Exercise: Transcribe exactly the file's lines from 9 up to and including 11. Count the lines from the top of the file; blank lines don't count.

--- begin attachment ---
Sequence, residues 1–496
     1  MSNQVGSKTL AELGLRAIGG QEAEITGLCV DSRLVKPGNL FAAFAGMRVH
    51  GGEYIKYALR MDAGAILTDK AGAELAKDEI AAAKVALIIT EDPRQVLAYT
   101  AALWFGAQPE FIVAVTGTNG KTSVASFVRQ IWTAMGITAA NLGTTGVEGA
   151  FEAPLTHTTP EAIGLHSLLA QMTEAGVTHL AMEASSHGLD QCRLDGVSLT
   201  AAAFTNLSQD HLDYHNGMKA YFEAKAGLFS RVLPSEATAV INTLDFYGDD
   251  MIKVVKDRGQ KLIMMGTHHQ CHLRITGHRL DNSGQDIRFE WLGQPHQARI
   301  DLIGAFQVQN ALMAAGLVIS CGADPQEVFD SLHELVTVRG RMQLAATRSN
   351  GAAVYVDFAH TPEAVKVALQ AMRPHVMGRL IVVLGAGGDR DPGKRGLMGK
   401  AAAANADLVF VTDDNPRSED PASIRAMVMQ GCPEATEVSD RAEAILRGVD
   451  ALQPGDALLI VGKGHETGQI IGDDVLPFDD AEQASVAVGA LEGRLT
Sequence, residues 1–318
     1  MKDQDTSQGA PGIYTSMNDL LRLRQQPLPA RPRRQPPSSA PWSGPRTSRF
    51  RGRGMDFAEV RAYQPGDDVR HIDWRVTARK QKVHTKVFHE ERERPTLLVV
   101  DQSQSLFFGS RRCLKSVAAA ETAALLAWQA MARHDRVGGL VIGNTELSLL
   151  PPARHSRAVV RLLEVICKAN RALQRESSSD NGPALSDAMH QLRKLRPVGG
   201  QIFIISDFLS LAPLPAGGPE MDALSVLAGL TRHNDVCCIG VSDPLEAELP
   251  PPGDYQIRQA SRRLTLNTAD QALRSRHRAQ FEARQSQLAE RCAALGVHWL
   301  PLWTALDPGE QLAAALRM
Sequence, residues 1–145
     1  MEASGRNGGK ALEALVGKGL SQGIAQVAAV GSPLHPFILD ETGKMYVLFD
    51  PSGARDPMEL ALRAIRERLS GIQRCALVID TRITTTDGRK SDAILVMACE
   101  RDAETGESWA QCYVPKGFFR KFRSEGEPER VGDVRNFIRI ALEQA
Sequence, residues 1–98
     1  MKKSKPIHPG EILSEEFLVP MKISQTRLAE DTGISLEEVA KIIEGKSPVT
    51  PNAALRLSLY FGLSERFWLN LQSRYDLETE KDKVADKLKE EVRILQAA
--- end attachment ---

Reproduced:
   351  GAAVYVDFAH TPEAVKVALQ AMRPHVMGRL IVVLGAGGDR DPGKRGLMGK
   401  AAAANADLVF VTDDNPRSED PASIRAMVMQ GCPEATEVSD RAEAILRGVD
   451  ALQPGDALLI VGKGHETGQI IGDDVLPFDD AEQASVAVGA LEGRLT